I’m reading Perry Hall’s book “Grace Does That?” In it he tells the story of Charles Bradlaugh and Hugh Price Hughes.
Bradlaugh was the most prominent atheist in 19th century Britain. On one occasion he challenged the evangelist Hughes to a debate on the validity of Christianity. Continue reading
Legendary football Coach Lou Holtz was in his first season at Arkansas.
The #6 Razorbacks were playing the #2 Oklahoma Sooners in the 1978 Orange Bowl. Both teams were 10-1, yet Arkansas was an 18-point underdog. But then Holtz suspended three top players for violation of team rules. Now Arkansas was a 24-point underdog!
Following the suspensions, the press was livid. 12 Arkansas players threatened not to play. But Holtz didn’t back down. Continue reading
He may not be the “Second Coming,” but his Mom thinks he’s pretty special! And she believes she has the right to name her baby whatever she chooses!
Jalessa Martin, a Newport, Tennessee woman, recently sought a court order to establish paternity for her baby boy. The request also included a ruling on the child’s last name, since Jalessa and the boy’s father couldn’t agree.
However, Child Support Magistrate Lu Ann Ballew ordered the child’s first name changed when she learned the mother had named him “Messiah.” Continue reading
Elizabeth Cecelia Clephane was born in Edinburgh, Scotland, in 1830. Her parents died when she was a child. And she died at the young age of 39, having lived most of her life with illness.
Deeply religious and concerned about others, Elizabeth ministered to the downtrodden in the village of Melrose, where she lived most of her life. She was bright. Clever. And cheerful. People in the village called her “Sunbeam.” But Clephane didn’t see herself that way. She wrote these words: Continue reading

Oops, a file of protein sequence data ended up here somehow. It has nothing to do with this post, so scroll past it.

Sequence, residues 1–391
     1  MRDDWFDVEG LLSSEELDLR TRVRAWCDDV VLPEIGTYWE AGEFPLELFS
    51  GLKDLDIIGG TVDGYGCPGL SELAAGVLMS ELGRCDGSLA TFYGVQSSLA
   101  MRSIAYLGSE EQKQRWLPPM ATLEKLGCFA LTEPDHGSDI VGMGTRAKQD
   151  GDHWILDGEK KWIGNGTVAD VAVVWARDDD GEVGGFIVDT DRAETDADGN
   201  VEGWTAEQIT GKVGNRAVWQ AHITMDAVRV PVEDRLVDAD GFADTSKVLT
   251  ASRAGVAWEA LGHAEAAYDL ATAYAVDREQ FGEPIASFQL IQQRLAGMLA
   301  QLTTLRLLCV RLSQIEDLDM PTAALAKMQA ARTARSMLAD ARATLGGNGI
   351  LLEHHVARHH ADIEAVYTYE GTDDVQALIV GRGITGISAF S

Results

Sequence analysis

The Conscience Fund. It’s real. You can check it out. It’s used for voluntary contributions from people who have stolen from or defrauded the US Government. It was created in 1811 when a private citizen sent a check for $5.00 saying he had “misappropriated government funds while serving as a quartermaster in the Army.” He said he felt guilty.
“Suppose we call this a contribution to the conscience fund and get it announced in the newspapers,” suggested Treasury Secretary Francis Spinner. “Perhaps we will get some more.”
In the first twenty years the fund received $250,000. Here are some interesting contributions. Continue reading
Some things are just more important than other things.
This is true in business. Sports. Government. Our homes. It is true in life’s tasks. My Franklin planner teaches priorities. You list all your tasks for the day and rank them in order of importance. Then begin with the most important.
It is also true in Christianity. While everything is important, there are some fundamentals that must rank with greater importance. James Montgomery Boice expressed it this way. Continue reading
Rembrandt van Rijn was a Dutch artist who lived in the 17th century. One of his most famous paintings is the Raising of the Cross, which he completed for Prince Frederick Henry. The painting, now housed in a museum in Münich Germany, is a sobering portrayal of the cross being lifted up as Jesus hangs on it.
As the Roman soldiers are lifting up the cross, there is another figure helping. If you look closely, you will see a man at Jesus’ feet wearing a blue painter’s beret. He is obviously not a character from the first century. So who is it? Continue reading